Cedar Neck resident investigates damage from possible tornado
Peggy Conlan returned home with storm damage after a possible tornado hit the Cedar Neck area Thursday night.
Jerry Habraken, Delaware News Journal
After investigating damage from a storm system Thursday that cut trees and damaged homes around Harrington and Milford, the National Weather Service said two tornadoes hit the area late Friday.
NWS confirmed the first tornado in the afternoon on Friday, while officials were still assessing the area. It started near Farmington, south of Harrington. The weather service confirmed that a second tornado touched down east of Milford.
Neither tornado caused injuries, NWS said. Both were EF1 tornadoes, bringing winds from 86 to 110 mph.
The tornado that started near Farmington had estimated peak winds of 90 mph. It started at 4:52 pm and was about 50 meters wide. It traveled less than four miles and ended near Houston about three minutes later, NWS said.
The tornado was caused after “an embedded severe thunderstorm interacted with a sea breeze and a remnant of the outflow boundary,” the weather service said.
Heather Haneline, who lives south of Harrington, said Thursday that she saw two storm systems collide and some clouds swirling near her home.
She said she normally sees some interesting skies in her area when storms roll through, but “has never seen a vortex like this before.”
Story continues below the photo gallery.
The tornado struck, breaking several trees into a narrow swath after they crashed near a Farmington residence. The tornado then moved across railroad tracks and a cornfield before tearing the metal roof of a business as it headed toward S. Dupont Highway. It later crashed into a tree at a house along Hogtown Road and laid power lines along Hunting Quarter Road, NWS said. The tornado weakened and lifted just west of Deep Grass Lane near Houston.
Five minutes later, a second twister from the same system landed east of Milford, near residences at the intersection of Cedar Beach and McColley roads. It also carried estimated peak winds of 90 mph, but was twice the size of the earlier tornado at about 100 feet wide. It traveled nearly five miles in seven minutes and ended in Slaughter Beach.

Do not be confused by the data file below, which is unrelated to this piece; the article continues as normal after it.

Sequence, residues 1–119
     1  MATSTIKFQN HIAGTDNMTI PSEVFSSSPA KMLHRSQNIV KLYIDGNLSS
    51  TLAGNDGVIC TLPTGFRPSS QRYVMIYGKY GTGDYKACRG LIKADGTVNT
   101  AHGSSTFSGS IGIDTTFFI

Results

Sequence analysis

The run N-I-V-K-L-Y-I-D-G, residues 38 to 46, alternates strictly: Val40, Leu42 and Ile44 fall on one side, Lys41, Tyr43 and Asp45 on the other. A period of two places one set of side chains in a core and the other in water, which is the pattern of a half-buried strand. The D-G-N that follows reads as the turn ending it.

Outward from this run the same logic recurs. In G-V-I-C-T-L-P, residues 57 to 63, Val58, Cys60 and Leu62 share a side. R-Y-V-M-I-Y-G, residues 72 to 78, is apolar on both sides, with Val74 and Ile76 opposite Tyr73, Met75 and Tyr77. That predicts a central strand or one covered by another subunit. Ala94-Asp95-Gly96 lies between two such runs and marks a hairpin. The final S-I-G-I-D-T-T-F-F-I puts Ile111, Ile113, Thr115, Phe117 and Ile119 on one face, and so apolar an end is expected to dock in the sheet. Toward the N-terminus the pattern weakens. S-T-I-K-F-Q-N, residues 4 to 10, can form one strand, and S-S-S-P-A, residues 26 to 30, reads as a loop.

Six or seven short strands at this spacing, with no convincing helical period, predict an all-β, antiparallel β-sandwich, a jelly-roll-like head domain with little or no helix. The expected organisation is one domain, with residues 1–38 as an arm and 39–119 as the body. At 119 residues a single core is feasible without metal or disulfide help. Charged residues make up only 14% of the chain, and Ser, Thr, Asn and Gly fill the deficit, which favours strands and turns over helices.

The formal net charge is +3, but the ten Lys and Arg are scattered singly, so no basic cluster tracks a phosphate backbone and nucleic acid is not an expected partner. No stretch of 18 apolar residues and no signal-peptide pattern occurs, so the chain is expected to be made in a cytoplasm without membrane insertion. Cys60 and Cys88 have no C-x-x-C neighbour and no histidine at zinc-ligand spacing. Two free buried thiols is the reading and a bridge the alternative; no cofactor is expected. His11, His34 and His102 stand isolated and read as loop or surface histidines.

The tornado cut down several trees and uprooted a few. It lifted part of a porch roof on Shockley Road, according to the weather service, and blew insulation over the road and on nearby homes. Along the path of the storm, a large branch of a tree fell on a barn and collapsed. Fallen branches also caused damage to vehicles.
Residents near the Mils and Shockley roads helped each other on Friday cut down fallen trees, clear debris and make repairs, although professionals were working on a handful of significantly damaged roofs.
“It sounded like a train,” said Jordan Watson, who took shelter with his family in his grandparents’ basement. “Before you know it, it was over.”
AFTERMATH: Neighbors help neighbors after possible tornado damage homes in Milford
East of Watson’s area, the tornado damaged barn roofs and caused the overturning of two closed trailers near Fannies Way before the storm lifted near the shoreline at Slaughter Beach.
The National Weather Service said all information in Friday night’s report is preliminary and subject to change.
The storms mark consecutive years that two tornadoes made landfall in Delaware on the same day. Last year, during Tropical Storm Isaias on August 4, three EF1 tornadoes hit Delaware. One was a record-breaking twister that followed 47.2 miles from Sorghum Mill Road in Kent County to the Middletown area.
IN-DEPTH: The poignant stories of when a record-breaking tornado touched down in Delaware
Another tornado touched down near Felton that same day in August. The NWS later confirmed a third near Milford.
The story continues below the photo gallery of last year’s record tornado.
While the August 2020 twister was the longest-tracking tornado in Delaware in 70 or more years, it was not the largest. In 2019, Laurel saw an EF2 tornado with an estimated maximum wind speed of 120 mph and up to 400 meters wide at one point.
The state also had an EF2 tornado in 2004.
Delaware has averaged about one tornado per year since the 1950s.
Reporter Shannon Marvel McNaught contributed to this story.
Contact Jeff Neiburg at [email protected] Follow him on Twitter @Jeff_Neiburg.